Expected rainfall not enough to significantly affect Georgia fire

A fire truck passes as a plume of smoke rising from a wildfire burning, Monday, May 8, 2017, just outside the town of St. George, Ga. Officials placed the town under a mandatory evacuation after winds pushed the fire out of the neighboring Okefenokee National Wildlife Refuge, where a lightning strike started the blaze a month earlier. (AP Photo/Russ Bynum)

FOLKSTON, Ga. | Scattered showers were not expected to put a dent into a massive wildfire burning near the Georgia-Florida line.

Saturday’s forecast called for a 30 percent chance of rain, but not enough to significantly affect the fire. West Mims Fire spokesman Jamie Keller says the rainfall has ranged from a drizzle to somewhat heavy, but nothing substantial.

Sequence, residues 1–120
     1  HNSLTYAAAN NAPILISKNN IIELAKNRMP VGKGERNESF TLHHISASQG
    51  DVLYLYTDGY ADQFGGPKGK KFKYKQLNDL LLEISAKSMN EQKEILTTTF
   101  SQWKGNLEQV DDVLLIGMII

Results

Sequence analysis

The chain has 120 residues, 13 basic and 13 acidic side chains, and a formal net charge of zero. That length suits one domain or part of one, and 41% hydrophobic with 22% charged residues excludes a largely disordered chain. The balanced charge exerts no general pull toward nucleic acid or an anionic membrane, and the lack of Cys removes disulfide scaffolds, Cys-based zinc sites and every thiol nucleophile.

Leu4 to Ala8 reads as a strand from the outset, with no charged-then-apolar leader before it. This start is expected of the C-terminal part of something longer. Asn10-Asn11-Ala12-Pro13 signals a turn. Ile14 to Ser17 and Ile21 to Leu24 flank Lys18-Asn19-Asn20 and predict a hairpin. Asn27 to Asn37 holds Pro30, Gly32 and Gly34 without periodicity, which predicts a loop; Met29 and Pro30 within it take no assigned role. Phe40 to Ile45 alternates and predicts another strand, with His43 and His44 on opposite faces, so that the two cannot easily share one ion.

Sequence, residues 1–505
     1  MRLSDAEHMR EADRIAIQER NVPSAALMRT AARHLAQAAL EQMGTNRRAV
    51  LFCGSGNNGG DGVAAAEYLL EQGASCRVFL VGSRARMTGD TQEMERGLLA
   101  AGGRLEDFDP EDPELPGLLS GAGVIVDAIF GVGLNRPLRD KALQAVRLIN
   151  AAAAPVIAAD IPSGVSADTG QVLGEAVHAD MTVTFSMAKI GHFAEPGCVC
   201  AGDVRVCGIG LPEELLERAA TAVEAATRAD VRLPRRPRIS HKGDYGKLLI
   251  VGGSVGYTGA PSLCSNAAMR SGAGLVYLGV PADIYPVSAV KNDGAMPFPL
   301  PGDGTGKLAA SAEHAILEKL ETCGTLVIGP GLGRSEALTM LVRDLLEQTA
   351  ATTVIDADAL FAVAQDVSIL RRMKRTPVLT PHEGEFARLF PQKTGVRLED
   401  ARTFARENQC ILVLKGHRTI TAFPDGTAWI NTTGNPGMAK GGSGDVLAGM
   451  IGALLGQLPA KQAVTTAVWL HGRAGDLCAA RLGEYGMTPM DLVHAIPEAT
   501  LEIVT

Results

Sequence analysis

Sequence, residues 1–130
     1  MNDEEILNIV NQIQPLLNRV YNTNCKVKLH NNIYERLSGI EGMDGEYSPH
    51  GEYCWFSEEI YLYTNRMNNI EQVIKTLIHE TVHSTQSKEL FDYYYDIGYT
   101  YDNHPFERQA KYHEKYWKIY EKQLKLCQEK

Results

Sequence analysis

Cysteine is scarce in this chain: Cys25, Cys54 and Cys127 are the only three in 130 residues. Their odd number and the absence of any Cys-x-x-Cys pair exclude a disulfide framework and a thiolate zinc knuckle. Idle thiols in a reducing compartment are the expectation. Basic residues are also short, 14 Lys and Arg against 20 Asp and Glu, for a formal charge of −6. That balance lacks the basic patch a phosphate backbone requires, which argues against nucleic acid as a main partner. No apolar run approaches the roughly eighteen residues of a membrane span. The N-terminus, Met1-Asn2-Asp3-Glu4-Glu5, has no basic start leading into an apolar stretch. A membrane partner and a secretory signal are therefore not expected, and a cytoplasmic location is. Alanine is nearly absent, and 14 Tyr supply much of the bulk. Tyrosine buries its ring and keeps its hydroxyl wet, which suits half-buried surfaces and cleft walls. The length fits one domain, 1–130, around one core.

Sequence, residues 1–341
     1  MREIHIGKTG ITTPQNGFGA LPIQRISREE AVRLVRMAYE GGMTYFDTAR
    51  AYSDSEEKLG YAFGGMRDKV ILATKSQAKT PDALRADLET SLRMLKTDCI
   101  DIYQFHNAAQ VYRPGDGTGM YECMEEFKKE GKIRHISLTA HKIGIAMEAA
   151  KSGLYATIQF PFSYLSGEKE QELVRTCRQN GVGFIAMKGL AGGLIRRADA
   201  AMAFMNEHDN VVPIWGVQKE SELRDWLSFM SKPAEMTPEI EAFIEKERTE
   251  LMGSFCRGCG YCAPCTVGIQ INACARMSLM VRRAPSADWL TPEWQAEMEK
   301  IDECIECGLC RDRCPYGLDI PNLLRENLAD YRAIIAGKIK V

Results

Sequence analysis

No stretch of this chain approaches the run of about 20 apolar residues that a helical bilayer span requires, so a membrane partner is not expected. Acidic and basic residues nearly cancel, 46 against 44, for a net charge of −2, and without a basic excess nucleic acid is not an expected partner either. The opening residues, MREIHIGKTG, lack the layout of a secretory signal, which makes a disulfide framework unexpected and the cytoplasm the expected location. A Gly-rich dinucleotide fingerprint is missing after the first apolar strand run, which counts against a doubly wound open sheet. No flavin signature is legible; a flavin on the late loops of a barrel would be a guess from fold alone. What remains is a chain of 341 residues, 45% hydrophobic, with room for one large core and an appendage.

More than 150,000 acres (60,700 hectares) have burned since lightning sparked the fire April 6 in the Okefenokee National Wildlife Refuge. Two communities on the swamp’s southeastern edge have been under evacuation orders as firefighters battle flames within a few miles of homes. Residents, particularly those with St. George or Moniac addresses, are asked to take the evacuation order seriously.

More than 700 firefighters and support personnel are working to contain the blaze.

 

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